Darin Olsen, Forest Ranger, also stressed that a huge increase of people are recreating on the Forest. The National Visitor Use Monitoring program is beginning and visitors to the Forest could be asked questions about their use during this monitoring. He then reported that this has been the driest year for grazers but most have been able to stay on the Forest for the majority of the permitted time.

Olsen then spoke on the gravel pit on the north side of Gooseberry Reservoir, which will aid in road maintenance in that area. In addition, they are doing some work on Mahogany Point on Horn Mountain to open the wildlife habitat with young mahogany growth. A bridge on the Miller’s Flat road will be replaced between Oct. 20 and 30 and the road will be closed during that time.

The Forest Ranger also said that Skyline Mine is working on a permit to pipe and pump on the north end of Electric Lake to help take care of the water into the mine. They are also seeking exploratory drilling permits.

The Forest Service was asked about the operation of the Joe’s Valley Dam and what impact the transfer of the title to the land will have on recreation. They stated that they understood that the recreation of that area would still be under their management; however, details are still being ironed out. Olsen also announced that applications for part time forest service jobs, including firefighters, are available for the next three to four weeks for next summer’s employment.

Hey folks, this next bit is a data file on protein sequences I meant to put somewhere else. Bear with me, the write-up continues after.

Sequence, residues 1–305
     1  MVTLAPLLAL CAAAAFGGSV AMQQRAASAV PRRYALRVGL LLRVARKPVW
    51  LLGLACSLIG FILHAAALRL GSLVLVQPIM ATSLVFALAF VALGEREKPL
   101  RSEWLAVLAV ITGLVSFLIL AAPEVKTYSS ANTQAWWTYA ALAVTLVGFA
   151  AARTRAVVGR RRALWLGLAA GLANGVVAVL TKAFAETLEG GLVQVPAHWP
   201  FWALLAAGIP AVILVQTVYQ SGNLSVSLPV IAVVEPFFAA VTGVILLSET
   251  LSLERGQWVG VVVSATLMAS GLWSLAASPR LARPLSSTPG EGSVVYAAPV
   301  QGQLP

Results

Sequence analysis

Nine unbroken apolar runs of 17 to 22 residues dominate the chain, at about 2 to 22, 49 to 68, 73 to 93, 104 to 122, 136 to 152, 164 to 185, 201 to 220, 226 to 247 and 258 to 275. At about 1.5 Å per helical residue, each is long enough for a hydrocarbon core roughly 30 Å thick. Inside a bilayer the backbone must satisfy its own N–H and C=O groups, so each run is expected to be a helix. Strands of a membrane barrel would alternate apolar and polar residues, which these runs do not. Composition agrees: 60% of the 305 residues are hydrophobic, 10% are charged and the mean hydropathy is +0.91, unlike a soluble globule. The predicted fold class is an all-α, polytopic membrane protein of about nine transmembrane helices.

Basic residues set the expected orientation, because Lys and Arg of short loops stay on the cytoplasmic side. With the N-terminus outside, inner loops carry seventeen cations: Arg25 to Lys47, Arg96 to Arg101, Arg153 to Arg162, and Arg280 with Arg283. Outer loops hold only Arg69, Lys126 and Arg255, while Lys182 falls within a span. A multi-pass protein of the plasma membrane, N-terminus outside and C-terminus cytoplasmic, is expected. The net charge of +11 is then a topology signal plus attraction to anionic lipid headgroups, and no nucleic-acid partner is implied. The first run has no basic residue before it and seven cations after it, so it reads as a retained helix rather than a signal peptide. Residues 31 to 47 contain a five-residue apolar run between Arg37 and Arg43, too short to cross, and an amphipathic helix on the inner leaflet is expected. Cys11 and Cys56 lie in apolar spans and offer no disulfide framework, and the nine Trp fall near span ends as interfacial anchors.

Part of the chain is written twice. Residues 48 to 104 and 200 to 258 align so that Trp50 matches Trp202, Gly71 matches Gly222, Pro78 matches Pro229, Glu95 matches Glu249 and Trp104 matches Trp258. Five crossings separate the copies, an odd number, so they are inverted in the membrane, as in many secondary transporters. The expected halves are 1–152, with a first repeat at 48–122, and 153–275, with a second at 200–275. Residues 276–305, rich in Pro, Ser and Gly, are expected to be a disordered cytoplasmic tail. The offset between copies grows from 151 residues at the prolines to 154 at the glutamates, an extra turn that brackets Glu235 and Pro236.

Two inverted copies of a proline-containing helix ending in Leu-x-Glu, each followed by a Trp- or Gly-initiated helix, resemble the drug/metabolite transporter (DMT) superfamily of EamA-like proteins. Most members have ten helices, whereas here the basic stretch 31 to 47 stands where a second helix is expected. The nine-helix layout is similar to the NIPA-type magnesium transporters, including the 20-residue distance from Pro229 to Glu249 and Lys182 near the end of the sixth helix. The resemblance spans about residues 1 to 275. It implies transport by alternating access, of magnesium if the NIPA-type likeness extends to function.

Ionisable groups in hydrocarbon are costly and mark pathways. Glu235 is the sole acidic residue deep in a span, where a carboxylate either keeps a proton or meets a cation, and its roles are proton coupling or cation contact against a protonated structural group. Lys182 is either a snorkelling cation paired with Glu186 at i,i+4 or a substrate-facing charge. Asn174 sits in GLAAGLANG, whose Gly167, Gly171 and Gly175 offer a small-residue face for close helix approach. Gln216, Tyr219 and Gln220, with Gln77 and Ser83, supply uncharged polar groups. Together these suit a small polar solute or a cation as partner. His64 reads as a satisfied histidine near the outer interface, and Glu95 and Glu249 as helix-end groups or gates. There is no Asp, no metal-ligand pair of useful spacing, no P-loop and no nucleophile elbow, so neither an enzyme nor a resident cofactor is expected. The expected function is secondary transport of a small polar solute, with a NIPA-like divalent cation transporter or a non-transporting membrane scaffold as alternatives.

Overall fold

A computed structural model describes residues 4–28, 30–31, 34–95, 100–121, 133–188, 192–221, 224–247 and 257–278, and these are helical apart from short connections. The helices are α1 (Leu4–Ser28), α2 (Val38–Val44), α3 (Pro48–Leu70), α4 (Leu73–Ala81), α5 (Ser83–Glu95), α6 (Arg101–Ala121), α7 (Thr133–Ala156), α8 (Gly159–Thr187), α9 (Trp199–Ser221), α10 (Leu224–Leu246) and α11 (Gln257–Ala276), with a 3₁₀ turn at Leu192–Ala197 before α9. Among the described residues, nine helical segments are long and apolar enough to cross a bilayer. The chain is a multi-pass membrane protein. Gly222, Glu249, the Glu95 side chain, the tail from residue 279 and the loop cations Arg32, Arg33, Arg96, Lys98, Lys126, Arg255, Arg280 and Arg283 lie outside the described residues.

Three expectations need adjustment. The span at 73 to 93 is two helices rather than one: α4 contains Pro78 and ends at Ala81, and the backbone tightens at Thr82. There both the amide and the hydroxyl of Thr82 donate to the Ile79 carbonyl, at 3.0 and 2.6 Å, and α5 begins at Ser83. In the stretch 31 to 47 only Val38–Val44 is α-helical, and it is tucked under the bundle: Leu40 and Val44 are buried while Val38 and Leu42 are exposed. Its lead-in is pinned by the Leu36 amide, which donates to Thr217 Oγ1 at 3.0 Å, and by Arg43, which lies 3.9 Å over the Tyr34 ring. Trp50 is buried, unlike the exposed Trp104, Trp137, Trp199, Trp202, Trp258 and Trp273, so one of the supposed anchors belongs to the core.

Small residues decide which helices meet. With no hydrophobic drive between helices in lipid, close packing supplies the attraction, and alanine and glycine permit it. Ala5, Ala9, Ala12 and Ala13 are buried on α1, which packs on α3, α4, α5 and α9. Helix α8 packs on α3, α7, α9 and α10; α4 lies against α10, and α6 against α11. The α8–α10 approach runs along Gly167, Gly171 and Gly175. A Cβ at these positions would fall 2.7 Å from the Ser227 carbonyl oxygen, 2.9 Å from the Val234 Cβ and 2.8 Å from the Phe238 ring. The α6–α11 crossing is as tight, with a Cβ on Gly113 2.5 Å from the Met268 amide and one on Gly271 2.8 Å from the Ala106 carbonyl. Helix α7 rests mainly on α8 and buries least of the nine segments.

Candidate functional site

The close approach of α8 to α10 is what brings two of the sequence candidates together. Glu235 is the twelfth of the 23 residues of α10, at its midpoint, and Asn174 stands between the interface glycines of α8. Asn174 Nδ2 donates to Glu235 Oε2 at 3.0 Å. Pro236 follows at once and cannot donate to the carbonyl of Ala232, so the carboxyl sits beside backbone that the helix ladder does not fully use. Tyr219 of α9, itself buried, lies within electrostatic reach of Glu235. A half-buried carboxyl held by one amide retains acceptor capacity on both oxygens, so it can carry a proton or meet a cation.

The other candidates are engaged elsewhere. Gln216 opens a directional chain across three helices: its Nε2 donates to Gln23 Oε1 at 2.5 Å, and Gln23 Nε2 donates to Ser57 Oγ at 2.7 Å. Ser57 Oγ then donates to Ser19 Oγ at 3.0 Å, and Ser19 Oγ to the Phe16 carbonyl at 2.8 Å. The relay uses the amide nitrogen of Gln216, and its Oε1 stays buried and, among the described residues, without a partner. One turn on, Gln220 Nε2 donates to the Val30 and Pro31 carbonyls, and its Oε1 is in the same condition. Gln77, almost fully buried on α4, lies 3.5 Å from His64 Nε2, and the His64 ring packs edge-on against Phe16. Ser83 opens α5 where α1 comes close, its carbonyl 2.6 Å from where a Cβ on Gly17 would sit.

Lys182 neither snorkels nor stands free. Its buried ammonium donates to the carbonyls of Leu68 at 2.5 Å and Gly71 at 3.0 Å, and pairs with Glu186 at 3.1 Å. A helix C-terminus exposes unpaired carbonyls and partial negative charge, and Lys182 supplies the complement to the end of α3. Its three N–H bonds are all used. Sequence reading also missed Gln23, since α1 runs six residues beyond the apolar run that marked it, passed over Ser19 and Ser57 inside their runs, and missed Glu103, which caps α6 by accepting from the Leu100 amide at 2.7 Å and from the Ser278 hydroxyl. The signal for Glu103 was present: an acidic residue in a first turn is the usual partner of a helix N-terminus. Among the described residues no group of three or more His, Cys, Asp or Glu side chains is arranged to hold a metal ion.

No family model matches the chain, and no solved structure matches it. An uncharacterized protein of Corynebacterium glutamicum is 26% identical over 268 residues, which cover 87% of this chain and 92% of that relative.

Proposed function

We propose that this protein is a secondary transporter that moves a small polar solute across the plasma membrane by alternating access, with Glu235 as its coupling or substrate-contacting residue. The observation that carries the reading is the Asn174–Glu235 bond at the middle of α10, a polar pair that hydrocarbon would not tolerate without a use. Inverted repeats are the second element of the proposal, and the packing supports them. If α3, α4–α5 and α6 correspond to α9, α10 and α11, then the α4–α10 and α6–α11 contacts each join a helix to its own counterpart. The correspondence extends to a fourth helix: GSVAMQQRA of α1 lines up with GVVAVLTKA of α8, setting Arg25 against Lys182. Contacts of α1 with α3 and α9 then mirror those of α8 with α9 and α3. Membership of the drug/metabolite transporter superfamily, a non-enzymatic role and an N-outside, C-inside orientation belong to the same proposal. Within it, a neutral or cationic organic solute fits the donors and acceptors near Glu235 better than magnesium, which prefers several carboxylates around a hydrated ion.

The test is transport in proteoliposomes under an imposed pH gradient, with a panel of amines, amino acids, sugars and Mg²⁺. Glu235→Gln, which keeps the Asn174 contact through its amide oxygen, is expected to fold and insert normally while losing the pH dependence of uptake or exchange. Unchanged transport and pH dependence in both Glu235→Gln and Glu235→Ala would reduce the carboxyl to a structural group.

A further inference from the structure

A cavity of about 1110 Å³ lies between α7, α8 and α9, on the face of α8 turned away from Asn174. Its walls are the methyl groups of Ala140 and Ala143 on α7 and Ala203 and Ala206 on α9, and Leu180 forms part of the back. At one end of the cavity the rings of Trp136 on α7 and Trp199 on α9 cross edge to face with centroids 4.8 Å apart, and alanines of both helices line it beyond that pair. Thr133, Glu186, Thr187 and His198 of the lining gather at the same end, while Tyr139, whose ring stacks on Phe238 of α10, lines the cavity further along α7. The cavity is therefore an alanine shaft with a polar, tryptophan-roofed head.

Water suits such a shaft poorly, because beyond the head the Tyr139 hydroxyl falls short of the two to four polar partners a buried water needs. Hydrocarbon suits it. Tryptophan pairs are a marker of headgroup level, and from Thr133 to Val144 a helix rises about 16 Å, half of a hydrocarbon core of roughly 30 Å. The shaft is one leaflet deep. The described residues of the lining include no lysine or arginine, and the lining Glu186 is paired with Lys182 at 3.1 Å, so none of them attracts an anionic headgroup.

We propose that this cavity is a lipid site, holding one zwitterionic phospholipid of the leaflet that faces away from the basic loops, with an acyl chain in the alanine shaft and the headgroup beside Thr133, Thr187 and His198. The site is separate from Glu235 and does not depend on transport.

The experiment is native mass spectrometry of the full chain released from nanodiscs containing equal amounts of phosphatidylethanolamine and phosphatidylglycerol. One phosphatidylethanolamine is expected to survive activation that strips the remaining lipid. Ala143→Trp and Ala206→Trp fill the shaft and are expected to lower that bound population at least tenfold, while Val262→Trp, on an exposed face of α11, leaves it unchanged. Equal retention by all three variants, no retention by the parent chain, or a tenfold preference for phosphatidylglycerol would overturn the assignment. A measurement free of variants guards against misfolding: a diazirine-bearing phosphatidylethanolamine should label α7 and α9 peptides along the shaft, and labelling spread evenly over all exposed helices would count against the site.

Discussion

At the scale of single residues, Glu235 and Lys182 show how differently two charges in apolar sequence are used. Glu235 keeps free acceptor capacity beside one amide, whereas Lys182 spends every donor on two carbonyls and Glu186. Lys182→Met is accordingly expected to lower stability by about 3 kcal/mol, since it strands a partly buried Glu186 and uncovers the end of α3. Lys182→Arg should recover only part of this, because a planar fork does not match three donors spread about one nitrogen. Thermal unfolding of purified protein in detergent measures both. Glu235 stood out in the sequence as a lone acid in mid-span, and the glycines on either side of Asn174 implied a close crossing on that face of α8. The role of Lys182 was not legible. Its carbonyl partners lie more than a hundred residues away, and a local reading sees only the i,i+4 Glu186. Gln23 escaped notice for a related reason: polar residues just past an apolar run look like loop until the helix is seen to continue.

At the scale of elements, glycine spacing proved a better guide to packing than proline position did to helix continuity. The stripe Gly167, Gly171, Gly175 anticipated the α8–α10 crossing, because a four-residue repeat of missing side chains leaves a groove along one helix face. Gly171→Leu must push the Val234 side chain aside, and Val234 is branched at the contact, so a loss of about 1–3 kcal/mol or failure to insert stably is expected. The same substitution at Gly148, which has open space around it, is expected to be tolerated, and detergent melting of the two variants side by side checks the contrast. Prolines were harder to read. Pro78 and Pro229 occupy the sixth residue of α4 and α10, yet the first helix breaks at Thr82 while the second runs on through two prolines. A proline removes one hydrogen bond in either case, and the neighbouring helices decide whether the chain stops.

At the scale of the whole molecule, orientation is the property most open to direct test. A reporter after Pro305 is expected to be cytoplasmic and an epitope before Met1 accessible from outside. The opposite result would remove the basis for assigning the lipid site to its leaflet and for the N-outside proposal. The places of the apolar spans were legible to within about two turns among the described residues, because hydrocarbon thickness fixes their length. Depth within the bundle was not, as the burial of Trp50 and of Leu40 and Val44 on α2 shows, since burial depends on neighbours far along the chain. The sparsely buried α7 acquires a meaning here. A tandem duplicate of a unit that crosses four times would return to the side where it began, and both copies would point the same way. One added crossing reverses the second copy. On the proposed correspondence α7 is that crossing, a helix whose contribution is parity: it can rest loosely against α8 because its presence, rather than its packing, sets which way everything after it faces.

Kyle Beagley told of the Forest Plan available on their website for public review. The final plan will be done in January, so there is time to review the documents and make comments before the final scoping.

Chris Wood, Division of Wildlife Resources, reported that the Huntington Creek restoration is underway to improve fishing. Also, gill netting is occurring at the present time at Joe’s Valley and Electric Lake. Finally, he announced that youth pheasant hunts are scheduled for Oct. 10 at the Hatt Ranch in Green River and Oct. 21 at Desert Lake.

Larry Johansen, Utah State Parks, stated that things are up in the air while waiting for the transferal from the Bureau of Reclamation to Emery Water Conservancy District. He said that they don’t yet know the details, but they expect that it will be a mirror of what has been happening.

Nate Roberts from the Dept. of Agriculture reported on a busy year with range improvements. He announced that applications are available now for range improvements, which he said are very competitive and in limited supply. There is also COVID-19 funding available for producers who can show direct loss in food and fiber production. These can be found online at Ag.Utah.Gov. He remarked that these can be extremely beneficial to all permittees.

To conclude the meeting, council member Sherral Ward gave a reservoir report, noting the low levels of most reservoirs; Joe’s Valley at 65%, Electric Lake at 70%, Millsite at 19% and Huntington North at 52%.